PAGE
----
Eco-Meteorology group

Eco-Meteorology group

Dr. Sung-Ching Lee


The Eco-Meteorology Group (Eco-Met) aims at improving the understanding of the interactions and feedbacks between climate, environmental changes, nutrient availability and the biogeochemical cycles of carbon, nitrogen, and phosphorus. To this end we combine tools and approaches from biometeorology and biogeochemistry such as eddy covariance flux observation, field manipulation experiments, soil and plant analysis, and proximal/remote sensing techniques. With a global focus, the group investigates the biosphere-atmosphere interactions by contributing to and analyzing globally distributed datasets (e.g. FLUXNET database, remote sensing products) using data-mining and model-data integration techniques. Exploiting this generalized information, our final goal is to enhance the description of the response of biosphere’s element cycling to climate variability in state-of-the-art global terrestrial biosphere models and up-scaling approaches. 

Focus Areas

Focus #1: Climatic and environmental controls on ecosystem-atmosphere energy and mass exchanges:

  • Eddy covariance measurements of mass-energy exchanges between terrestrial ecosystems and the atmosphere;
  • Characterization and partitioning of water fluxes;
  • Impacts of nutrient availability on carbon and water fluxes;
  • Contribution to and analysis of large dataset (e.g. FLUXNET database);

Focus #2: Phenology and Ecosystem Processes

  • Interactions and feedback between climate and land surface phenology;
  • Understanding the relationship between phenology and water cycles;
  • Development of tools for the measurements of land surface phenology;

Focus #3: Remote Sensing of Ecosystem Function

  • Understanding the information about photosynthesis, ecosystem functioning and stress encoded into hyperspectral remote sensing observations and sun induced fluorescence (SIF);
  • Evaluating factors affecting hyperspectral and SIF signals at different temporal scales;
  • Evaluating drivers of the photosynthesis-SIF relationship in climate manipulation experiments;

Recent News

April 2024

The end of 2023, Nick gave a keynote talk on "Power of long-term flux observation and synergies in land-atmosphere interactions” at Asiaflux 2023 in Jeju, Korea.
We had finally a chance to have a full group dinner in March, before the Science Adivosry Board meeting! Updated team photo is the Team tab.
Also, the new EU project, C-BLUES, started on April 1! There'll be more new group members joining us, stay tuned.
This month, Nick is teaching a MSc course on Land-Atmosphere Interactions at University of Freiburg. Laura and Nick will attend the EGU24 in Vienna!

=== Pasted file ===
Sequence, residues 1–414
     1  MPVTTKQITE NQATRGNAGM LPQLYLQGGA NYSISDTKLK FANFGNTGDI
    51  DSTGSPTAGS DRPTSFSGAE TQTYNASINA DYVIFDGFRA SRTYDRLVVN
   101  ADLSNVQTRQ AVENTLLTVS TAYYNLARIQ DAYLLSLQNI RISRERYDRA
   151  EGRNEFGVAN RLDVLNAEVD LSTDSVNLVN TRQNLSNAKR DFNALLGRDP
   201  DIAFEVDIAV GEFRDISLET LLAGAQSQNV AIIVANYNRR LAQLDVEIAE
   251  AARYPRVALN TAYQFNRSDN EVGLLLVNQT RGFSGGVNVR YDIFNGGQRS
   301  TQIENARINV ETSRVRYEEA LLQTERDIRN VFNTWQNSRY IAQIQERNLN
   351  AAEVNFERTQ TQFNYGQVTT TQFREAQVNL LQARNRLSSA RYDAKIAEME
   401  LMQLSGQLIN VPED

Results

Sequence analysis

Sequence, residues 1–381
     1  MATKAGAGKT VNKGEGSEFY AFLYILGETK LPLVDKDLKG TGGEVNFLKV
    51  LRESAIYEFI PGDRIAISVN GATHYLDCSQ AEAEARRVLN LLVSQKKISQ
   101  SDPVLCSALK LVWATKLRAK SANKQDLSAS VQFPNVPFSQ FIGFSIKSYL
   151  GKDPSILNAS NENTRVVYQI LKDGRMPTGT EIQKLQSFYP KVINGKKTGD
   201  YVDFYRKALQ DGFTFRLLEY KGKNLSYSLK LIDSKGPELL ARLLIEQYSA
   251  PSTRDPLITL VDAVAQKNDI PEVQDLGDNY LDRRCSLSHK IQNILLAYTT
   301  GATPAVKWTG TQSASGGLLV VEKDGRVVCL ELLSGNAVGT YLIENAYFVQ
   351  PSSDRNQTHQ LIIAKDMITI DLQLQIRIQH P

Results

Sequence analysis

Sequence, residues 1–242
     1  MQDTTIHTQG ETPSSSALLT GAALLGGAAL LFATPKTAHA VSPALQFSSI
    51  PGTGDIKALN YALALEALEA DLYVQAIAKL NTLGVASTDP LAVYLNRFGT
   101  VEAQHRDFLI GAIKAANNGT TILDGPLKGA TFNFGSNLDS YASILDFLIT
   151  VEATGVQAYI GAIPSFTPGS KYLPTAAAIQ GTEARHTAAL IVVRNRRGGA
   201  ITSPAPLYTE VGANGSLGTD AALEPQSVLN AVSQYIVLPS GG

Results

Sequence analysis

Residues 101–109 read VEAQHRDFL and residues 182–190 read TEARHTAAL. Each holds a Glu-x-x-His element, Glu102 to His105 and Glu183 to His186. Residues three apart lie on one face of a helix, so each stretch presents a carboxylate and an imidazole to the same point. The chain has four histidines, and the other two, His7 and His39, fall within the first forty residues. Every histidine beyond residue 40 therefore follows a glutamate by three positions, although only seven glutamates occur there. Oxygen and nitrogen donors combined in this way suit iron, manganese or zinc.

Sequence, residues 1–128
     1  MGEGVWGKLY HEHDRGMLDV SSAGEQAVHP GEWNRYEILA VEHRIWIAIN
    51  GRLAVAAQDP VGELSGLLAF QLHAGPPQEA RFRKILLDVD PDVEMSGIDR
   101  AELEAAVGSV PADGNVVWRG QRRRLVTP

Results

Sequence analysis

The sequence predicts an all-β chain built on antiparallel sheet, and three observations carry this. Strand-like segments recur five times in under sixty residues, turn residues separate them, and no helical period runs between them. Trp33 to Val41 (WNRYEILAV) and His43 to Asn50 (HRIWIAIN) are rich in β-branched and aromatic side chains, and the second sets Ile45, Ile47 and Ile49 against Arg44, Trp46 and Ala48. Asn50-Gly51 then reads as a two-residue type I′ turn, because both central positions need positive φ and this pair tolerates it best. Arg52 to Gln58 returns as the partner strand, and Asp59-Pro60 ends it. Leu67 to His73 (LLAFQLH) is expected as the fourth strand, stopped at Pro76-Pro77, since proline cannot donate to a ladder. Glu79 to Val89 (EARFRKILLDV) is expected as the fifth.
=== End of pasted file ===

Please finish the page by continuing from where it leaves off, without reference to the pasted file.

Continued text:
October 2023

October was a busy month for the group!
First of all, Sinikka published a preprint on “Interpretability of negative latent heat fluxes from Eddy Covariance measurements during dry conditions”.
Laura attended the TERENO conference in Bonn to show some preliminary results of her first PhD project.
Bayu joined the group, and visited Majadas de Tiétar with Laura and the Fieldwork team.
Lastly, Nick secured a Horizon Europe project on blue carbon ecosystems (details coming soon!), and will give a keynote talk at Asiaflux 2023.

September 2023

On August 30, our BGI department held annual retreat and it was the first time that Laura and Arvind presented posters showing their PhD projects, exciting! Also, our group hosted a visitor, Alex, from PSInet. We discussed how water potential information can help us understand better about plant responses to drought and heat stress. And, Sinikka will supervise a BSc student to establish soil retention curve for Majadas de Tiétar. This will allow us to convert long-term soil water content measurements to soil water potential, and hence to better simulate C fluxes under dry conditions.

May 2022

The group has a new group leader!

To continue and re-design the successful research group Biosphere-Atmosphere Interactions and Experimentation previously led by Dr. Mirco Migliavacca (currently at the European Commission's Joint Research Centre) and Dr. Tarek El-MadanyDr. Sung-Ching Lee joined the group as a new group leader. The new group will continue running the existing research site at Majadas de Tiétar, a semi-arid tree-grass ecosystem, and hence better understand the relevant understudied and unknown processes for dryland ecosystems.
Besides this, the new group has great interest in establishing coastal wetland (“Blue Carbon”) research in Germany, particularly in the Wadden Sea area. Unlike upland ecosystems, the exchanges between coastal ecosystems and the atmosphere are not only controlled by bio-meteorological variables but regulated by unique features such as salinity, tidal movements, and wind advections.
To reflect the new directions, the name of the group has been changed from Biosphere-Atmosphere Interactions and Experimentation (BAIE) to Eco-Meteorology (Eco-Met).





MANIP, a long term experimental project, aims at understanding responses in different eddy covariance sites from nutrient loading (primarily N and P) and water availability, on ecosystem-level carbon, water fluxes, and their interannual variability.
The SMANIE project is a small-scale manipulation experiment (SMANIE) running parallel to the large scale manipulation experiment with focusing on the grass layer. more
LFT: Long-term fate of N from fertilizer experiment
The LTF or “Long-Term Fate” experiment aims to answer that question by tracking the fate of added nitrogen fertilizer for one year after application. more
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